Robots’ representation in pop culture

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Movie robots are very often the evil characters of a dystopian future, but what about the good, helpful robots? As a new show about the evolution of robots opens at the Science Museum, it’s time to be realistic about the positive ways robots will contribute to our future.

The exhibition at the Science Museum in London, entitled Robots, proposes to the public a collection of 100 robots, from mechanised human forms to innovative technology. But why are we fascinated with robots, and making machines humane?

From a lifelike baby to robots without conscience, the Robots exhibition gives a fascinating preview of their evolution. There, the oldest robot is an automaton monk who is a sort of a mechanisation of faith. But it’s in the 1920s that robots really started to emerge. 100 years ago, it was already a mechanised world and it’s mainly with the first blockbuster robots movie Metropolis, and its protagonist Maria, in 1927, that robots entered pop culture.

Ben Russell, curator of the Robots exhibition, said: “Sci-fi and the sort of the robots baddies are just one of those cultural things out there, and one of the purposes of roboticists is to show that actually most robots are helpful and they do what you want to do. Historically that’s certainly the case.”

Bored with the negativity around robots in the last century, writer Isaac Asimov created in the 1950s his Three Laws that he had to follow in all of his novels, in which robots won’t injure humans and there won’t be conflict between the two races. Before these laws, most robot stories followed the same narrative: a human makes a robot that turns on its creator, being also called “The Frankenstein Complex”.

I don’t think the fascination and fantasy of robots that are somehow ‘like us’ can be detached from our natural feeling to be terrorised by them

The advent of robots and AI trigger two opposing feelings in people: they either see it as a menace or as fascinating. “It’s a bit of a love-hate relationship, isn’t it?” points Ben Russell.

Never-ending technological advances terrify society. According to a study made by the British Science Museum in March 2016, almost half of those questioned were against robots or programming equipped with emotions or a personality. This means pop culture preferred robots in movies such as WALL-E (2008) or Ex Machina (2015) would not be that popular in the real world.

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Dr Christopher Holliday is an expert in digital media and film technology at King’s College London. “There is a fascination that comes with lifelike behaviour in robots that is dually troubling yet irresistible,” he says. “Whether this is contemporary Hollywood (like in the Transformers series) to film less in the action genre like Her and Ex Machina, I don’t think the fascination and fantasy of robots that are somehow ‘like us’ can be detached from our natural feeling to be terrorised by them.”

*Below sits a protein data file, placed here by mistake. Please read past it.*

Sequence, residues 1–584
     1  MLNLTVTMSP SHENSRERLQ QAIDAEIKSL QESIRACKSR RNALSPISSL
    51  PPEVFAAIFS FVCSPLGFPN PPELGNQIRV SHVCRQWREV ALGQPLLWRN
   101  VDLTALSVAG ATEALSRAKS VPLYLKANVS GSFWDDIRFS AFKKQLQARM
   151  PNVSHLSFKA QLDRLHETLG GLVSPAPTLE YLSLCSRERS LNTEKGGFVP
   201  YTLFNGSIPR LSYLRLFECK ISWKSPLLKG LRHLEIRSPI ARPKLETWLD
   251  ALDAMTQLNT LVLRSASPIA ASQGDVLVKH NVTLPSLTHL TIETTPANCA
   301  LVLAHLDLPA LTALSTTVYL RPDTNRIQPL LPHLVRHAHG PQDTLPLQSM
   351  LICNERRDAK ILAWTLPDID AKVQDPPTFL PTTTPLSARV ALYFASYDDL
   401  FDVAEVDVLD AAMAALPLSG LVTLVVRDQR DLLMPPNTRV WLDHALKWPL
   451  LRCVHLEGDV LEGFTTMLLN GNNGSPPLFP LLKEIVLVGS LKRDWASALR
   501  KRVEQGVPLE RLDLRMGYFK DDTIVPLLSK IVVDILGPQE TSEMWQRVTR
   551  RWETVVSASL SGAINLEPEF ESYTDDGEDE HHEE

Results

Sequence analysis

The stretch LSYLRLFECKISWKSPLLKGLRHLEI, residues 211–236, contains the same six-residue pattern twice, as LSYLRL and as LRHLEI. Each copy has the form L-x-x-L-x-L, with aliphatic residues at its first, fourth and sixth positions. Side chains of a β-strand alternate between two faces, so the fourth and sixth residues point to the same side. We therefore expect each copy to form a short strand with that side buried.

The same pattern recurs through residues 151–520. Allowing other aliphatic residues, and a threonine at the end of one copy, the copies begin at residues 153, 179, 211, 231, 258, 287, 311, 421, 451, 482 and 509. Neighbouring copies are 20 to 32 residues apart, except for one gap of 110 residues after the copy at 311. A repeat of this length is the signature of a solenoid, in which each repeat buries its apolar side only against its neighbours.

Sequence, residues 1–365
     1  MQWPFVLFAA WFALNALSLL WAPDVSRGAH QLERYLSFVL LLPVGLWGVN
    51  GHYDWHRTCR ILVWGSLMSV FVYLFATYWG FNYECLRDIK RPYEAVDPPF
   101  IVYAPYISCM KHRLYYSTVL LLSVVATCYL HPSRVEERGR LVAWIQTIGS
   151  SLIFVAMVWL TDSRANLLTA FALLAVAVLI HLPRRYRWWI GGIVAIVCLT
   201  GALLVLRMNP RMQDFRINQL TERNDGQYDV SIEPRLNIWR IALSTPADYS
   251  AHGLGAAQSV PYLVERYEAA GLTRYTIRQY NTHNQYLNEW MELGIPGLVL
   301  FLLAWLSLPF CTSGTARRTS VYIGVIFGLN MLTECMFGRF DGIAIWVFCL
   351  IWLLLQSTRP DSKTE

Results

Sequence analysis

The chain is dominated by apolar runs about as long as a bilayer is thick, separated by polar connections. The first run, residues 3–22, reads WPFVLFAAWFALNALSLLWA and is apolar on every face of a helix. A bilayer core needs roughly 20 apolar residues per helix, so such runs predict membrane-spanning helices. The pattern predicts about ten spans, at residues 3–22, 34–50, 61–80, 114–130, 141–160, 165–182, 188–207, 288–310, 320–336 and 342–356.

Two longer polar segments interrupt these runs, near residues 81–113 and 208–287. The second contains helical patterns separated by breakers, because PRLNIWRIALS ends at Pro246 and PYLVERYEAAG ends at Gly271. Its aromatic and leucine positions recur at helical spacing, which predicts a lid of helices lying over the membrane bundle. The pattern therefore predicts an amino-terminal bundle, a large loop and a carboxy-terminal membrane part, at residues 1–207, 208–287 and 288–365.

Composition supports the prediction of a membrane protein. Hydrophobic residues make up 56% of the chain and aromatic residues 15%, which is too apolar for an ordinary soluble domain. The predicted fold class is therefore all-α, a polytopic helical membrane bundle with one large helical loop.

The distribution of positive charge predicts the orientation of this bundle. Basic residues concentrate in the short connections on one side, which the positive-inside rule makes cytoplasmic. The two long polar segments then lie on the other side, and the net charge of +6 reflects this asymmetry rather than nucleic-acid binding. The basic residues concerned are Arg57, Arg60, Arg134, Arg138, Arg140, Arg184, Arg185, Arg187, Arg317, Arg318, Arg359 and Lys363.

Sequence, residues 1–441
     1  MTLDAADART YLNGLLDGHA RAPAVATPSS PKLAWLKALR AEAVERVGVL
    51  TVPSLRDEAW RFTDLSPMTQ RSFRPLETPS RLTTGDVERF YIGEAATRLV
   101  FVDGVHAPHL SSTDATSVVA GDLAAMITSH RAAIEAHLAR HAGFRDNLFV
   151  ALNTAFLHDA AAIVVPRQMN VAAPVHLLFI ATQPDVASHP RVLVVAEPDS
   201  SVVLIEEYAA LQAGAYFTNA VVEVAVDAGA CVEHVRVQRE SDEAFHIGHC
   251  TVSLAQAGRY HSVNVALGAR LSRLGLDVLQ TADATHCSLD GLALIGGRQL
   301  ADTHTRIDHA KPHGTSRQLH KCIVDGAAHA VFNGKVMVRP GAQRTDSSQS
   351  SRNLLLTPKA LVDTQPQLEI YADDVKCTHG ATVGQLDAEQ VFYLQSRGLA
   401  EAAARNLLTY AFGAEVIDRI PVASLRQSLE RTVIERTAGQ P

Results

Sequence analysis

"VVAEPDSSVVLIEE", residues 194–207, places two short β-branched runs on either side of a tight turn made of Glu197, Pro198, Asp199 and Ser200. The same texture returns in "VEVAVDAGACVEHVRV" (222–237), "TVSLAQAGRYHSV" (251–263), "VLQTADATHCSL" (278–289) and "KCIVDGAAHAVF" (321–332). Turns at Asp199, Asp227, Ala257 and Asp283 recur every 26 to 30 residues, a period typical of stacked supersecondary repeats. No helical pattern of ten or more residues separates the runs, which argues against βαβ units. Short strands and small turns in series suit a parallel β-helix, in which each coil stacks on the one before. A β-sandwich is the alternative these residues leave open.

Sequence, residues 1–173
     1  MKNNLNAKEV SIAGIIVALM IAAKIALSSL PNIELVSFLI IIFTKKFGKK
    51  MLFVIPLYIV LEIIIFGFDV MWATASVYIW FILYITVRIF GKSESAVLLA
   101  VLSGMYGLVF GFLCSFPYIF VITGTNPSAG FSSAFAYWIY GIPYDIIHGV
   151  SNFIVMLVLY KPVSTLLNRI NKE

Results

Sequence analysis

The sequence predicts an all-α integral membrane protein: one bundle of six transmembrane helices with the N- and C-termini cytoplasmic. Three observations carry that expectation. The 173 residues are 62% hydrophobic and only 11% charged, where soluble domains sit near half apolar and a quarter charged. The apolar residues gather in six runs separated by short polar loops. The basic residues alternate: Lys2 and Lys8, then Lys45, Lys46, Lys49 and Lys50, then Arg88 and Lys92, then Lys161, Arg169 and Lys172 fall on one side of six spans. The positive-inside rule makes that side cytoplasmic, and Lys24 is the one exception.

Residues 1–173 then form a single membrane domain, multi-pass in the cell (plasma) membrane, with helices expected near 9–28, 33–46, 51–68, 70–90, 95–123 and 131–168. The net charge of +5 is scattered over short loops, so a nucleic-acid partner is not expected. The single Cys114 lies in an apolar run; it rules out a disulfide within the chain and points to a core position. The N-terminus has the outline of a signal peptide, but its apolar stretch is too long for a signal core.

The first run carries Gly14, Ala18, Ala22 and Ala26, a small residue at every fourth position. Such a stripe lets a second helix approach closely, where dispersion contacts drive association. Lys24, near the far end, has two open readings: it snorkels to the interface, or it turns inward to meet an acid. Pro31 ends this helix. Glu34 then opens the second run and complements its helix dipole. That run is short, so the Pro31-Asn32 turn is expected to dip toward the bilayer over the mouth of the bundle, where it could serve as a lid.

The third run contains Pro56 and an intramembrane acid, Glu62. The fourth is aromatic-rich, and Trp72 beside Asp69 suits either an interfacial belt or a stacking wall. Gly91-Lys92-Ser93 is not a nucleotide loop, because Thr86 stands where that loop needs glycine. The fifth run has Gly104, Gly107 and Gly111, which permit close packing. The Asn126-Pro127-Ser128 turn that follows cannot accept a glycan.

But technophobia is quite common. According to the British Science Museum study, one third of the population believe that Artificial Intelligence is a threat to humanity. In December 2014 Stephen Hawking told the BBC that AI “could spell the end of the human race”. 

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Mark Stevenson is an author and an expert on global trends and innovation. He definitely thinks society will accept the increase use of robots in the everyday life, because it always has. “People hate technology until it stops sucking,” Stevenson says. “Before, people were questioning how useful technology was to be, and now we all use it.”

When we think about it, let’s not forget people already use robots on a daily basis. “A car is a robot that stops us having to walk. A washing machine is a robot that allows us to have clean clothes without spending hours scrubbing,” points Jon Welch, writer and director of new play Spillikin.

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Spillikin is a play on tour until April, from Pipeline Theatre, where humanoid robot takes to stage. Mixing romance and robotic advances, the play is delicately telling the love story between Raymond and Sally, while showing a more human vision of robots in our society: the use of robots in elderly care, and general companionship it can provide. Raymond has a genetic disorder and risks dying at a young age, so he builds a robot for his wife Sally to keep her company after his death. The play showcases four actors in total as well as a real robot.

“Often in Hollywood, robots either become human and develop a ‘soul’, or they kill everyone,” writer and director Jon Welch explains. “Here, it seemed we could find a middle ground, where a robot could be ‘humanised’ by a fellow character without entering a world of magic science fiction, where it actually becomes human.”

In the story, the robot is made and programmed by the woman’s husband. Welch says: “It’s his life work, in order to allow himself a version of immortality, perhaps even a better version of himself, knowing, as he does, that he won’t live to be able to look after her in old age. It’s a love-letter, essentially.”

Often in Hollywood, robots either become human and develop a ‘soul’, or they kill everyone

Welch explains the message conveyed in the play is that robots and Artificial Intelligence may become part of an armoury of looking after older people with dementia-related conditions. But do we want to end our lives hidden away, in the company of robots?

What is sure is that robots are already contributing to our everyday life and are more convenient than scary. So what’s the deal with sci-fi putting all the blame on robots and creating this paranoia around them?

Don’t forget: “Once you’ve had a lover robot, you’ll never want a real man again.” – Gigolo Joe, AI: Artificial Intelligence, 2001.

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